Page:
Amy S. Choi: People were like, “How dare you?”

Pooja Lakshmin: People are very upset about that.

Amy S. Choi: I was like, “Did she just say illusion of control here? Oh my God.”

Pooja Lakshmin: I’m not trying to demonize those things, but I’m trying to say that we use them as tools, whereas Real Self-Care is internal principle work that actually changes you on the inside. And when you’re changed on the inside, that naturally impacts your relationships, whether that’s with your partner, with your kids, and then it even has the potential to impact your communities and the larger social structures. So it’s not that faux self-care is bad, it’s that it’s less about the thing and it’s more about the process that you take to get to the thing. So if we just take an example, so getting a massage, you can imagine two very different ways to get a massage. You can have one person who is on the massage table and hasn’t set any boundaries, hasn’t had any hard conversations, hasn’t thought more deeply about why this massage is important to her, and she’s on the massage table and she’s gritting her teeth the whole time and worried that maybe she’s not asking for the right pressure, maybe she’s not making the best use of her time.

20 minutes in, she’s like, “Oh my God, the massage is already over. I can’t believe I wasted all this time in my head.” After the massage, she comes back to her desk and has 50 emails and feels like she needs to respond to everything quickly to make up for the lost productivity. That’s faux self-care because you haven’t internalized any of the actual deeper process of what do I really need in my relationships in my life, in my work, and how do I make that happen? Versus somebody who has thought deeply about let’s say embodiment, as we’re talking about. And notice that when they make time for body work in their life, they are able to feel more in touch and grounded, and they’re able to make more clear choices about what they want and how they spend their time.

So then they went and they actually maybe had a hard conversation with their partner about the division of labor, or maybe they decided to have a hard talk with their boss about signing off from email at 4:00 PM on Wednesdays so that they had at least some discretionary time where there was also childcare so they could do something for themselves. And then they went to the massage and they were able to actually be there and be present, and come back and not feel like they needed to make up for the lost productivity. And because they had those conversations with other people in their lives, it has the power then. I’m not saying every time it’s going to be some sort of revolution. No, but it at least has a chance because when we stay in just the bubble bath, it’s a commercial solution. It doesn’t do anything to change anybody else. But when it’s a personal solution and it changes how you think about what you deserve and how you spend your time, then we at least have the chance of getting to collective action.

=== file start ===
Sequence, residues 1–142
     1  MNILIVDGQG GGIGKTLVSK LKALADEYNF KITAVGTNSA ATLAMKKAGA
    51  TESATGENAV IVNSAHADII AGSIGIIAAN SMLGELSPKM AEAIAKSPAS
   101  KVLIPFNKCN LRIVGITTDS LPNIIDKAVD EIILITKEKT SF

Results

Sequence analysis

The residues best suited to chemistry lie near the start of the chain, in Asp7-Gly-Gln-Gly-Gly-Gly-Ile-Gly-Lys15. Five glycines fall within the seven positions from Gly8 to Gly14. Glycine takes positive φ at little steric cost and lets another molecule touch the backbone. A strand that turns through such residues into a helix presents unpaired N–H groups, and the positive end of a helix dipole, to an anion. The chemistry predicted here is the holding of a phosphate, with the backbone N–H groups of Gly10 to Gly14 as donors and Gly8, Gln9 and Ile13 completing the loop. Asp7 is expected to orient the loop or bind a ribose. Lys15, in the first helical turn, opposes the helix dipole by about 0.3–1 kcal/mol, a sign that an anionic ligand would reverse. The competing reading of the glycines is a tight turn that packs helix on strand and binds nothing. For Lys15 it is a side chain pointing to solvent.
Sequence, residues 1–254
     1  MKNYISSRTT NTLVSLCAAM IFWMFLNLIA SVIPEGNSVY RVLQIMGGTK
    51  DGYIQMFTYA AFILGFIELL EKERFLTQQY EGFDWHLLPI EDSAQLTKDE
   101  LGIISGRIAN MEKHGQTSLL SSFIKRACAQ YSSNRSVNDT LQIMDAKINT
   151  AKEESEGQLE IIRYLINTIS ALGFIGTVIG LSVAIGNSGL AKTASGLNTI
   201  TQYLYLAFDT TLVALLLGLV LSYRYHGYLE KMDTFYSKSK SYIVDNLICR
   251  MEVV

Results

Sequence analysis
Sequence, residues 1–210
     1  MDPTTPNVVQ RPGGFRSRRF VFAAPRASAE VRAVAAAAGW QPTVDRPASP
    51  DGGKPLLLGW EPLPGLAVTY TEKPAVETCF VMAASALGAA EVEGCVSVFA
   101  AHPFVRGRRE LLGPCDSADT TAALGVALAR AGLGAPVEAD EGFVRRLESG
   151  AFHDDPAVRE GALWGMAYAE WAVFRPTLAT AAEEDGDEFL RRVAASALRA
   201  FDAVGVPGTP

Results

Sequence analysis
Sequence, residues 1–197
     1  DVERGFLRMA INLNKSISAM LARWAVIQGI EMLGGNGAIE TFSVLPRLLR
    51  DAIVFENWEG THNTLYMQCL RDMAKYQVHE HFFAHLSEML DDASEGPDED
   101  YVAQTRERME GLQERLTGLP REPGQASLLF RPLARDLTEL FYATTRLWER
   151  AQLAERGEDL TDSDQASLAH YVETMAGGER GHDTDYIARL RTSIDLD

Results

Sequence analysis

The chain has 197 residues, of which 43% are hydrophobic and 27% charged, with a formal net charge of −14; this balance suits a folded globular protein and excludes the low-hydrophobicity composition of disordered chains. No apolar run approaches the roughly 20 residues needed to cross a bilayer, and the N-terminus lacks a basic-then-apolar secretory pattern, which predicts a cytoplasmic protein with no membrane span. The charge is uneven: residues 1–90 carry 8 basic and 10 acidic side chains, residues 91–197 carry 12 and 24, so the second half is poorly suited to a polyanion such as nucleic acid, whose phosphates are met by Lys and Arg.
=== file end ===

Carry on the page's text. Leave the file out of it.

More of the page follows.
Rebecca Lehrer: What do you think one of the bridges there is? What’s the chance there? So let’s say we all get… I don’t want to use the word really good at doing good, real self-care. As a model minority, I do feel sad halfway through every massage when they ask you to flip over and I’m like, “Oh no, it’s halfway done,” so I felt that was also rude of you. But when you say that, thinking about what some of the opportunities are for collective action, is it knowing that this isn’t just us and something that we created the problem, that it’s a system-wide thing that then allows us to feel less pressure and be connected with other folks who are experiencing this? What’s the opportunity there?